1984 by George Orwell
Signet Classics, 298 pages
Written in 1948, 1984 was George Orwell’s chilling prophecy about the future. And while 1984 has come and gone, Orwell’s narrative is timelier than ever. 1984 presents a startling and haunting vision of the world, so powerful that it is completely convincing from start to finish. No one can deny the power of this novel, its hold on the imaginations of multiple generations of readers, or the resiliency of its admonitions a legacy that seems only to grow with the passage of time.
It’s the year 1984, and the world people live in isn’t the same as the world we know today. In this version of the world, everyone lives under close scrutiny of Big Brother — or at least representatives of Big Brother in the form of the Inner Party and the Thought Police. Here we meet Winston, a simple Party guy who is slowly realizing that maybe, there is something else other than the life he is living. Maybe the Party and Big Brother isn’t always right. Maybe, just maybe, the truth that he’s known all his life isn’t the truth at all. What follows is Winston’s “quest” to find out the real truth and perhaps even bring down Big Brother. But is Winston a big enough force to be reckoned with?
Totally honest moment: I would not have read 1984 if it wasn’t our book club’s book discussion book for January 2012. Perhaps I would have read it someday later, but not anytime soon. As much as I like dystopian novels (although not as much as I used to), I just didn’t have enough interest in this book as my other friends did. But like I said, I should read it because I’m a moderator of the book club and it feels like I should read it.
During our book discussion, we were asked to give a word to describe the book, and my chosen word was challenging. It was challenging for me not because I couldn’t grasp the story but because it took me an entire month to read the book. And it was a pretty short book too, if you think about it and I read pretty fast, so taking that long to read a certain book is really a new thing. But the truth is, I just wasn’t that invested in it. You know how there are some books that reel you right in and would make you want to lose sleep while reading it? Well, 1984 didn’t give me that impression. It’s not that I didn’t like it — I did, but I just wasn’t that invested in it to keep on reading it continuously. I think I may have read 10 books while reading this book — if that isn’t proof enough, then I don’t know already. :P
1984 is a good novel, but I feel like my reading is slightly tainted by all the similarly themed YA dystopia books I have read. You know how the main characters often prevailed, or at least almost prevailed in all the YA dystopia books? Well, it isn’t exactly the case here. I liked how the first part of the book started, but the second and third parts weren’t exactly my cup of tea. Oh sure, they were brutal, they were unexpected, but like I said, I was used to reading characters who go against all the odds and somehow win even against a TOTALLY EVIL GOVERNMENT. Perhaps it’s a YA thing, and this book was written way before the ones I know, so it has a really different approach.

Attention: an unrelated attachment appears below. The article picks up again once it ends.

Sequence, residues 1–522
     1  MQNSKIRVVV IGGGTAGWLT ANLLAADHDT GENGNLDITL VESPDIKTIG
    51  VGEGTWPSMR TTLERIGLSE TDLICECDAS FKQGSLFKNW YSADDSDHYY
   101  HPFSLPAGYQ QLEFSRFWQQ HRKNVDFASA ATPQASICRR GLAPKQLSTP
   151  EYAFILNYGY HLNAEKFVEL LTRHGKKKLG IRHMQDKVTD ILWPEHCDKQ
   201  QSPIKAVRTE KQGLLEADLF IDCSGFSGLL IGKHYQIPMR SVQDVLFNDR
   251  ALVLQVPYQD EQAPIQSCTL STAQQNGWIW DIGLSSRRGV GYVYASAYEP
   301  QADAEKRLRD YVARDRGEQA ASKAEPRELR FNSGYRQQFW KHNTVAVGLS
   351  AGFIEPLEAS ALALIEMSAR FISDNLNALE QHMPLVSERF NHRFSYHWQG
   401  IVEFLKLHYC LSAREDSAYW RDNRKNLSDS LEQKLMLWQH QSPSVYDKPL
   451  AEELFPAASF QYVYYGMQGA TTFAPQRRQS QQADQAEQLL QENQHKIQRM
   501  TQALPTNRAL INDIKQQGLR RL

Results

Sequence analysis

The thing about 1984 though, is how it could have been real. Granted, I had myself pulled away form the narrative so much that I couldn’t imagine it being real in the current society and all, but some points during our discussion got me thinking that yeah, maybe it could be possible. Just take social networking for example — how many people can truly say they have their own privacy when they have a Facebook profile or update Twitter every minute or so? Or do we even really know how much information we put out online and how it affects us? It’s a lot to think about.
Even so, there’s a certain separation for me and 1984. Again, it’s not that I didn’t like it, but I also did not really love it as much as other people do. It’s definitely one of those books that should be read if only to get a real grasp of how a dystopian society could look like. Honestly, I don’t think a reader can be a true dystopian fan unless you have read 1984 (and Lois Lowry’s The Giver). You haven’t really seen a big bad evil government until you’ve read the classics, IMHO.
On a related note, though, I think having a real and intelligent book discussion on this book helped me understand and appreciate it more than I would have. It just goes to show that reading isn’t always a solitary activity, and it’s nice to be with like-minded people often with differing opinions to discuss a piece of literature. :)
My copy: Kindle edition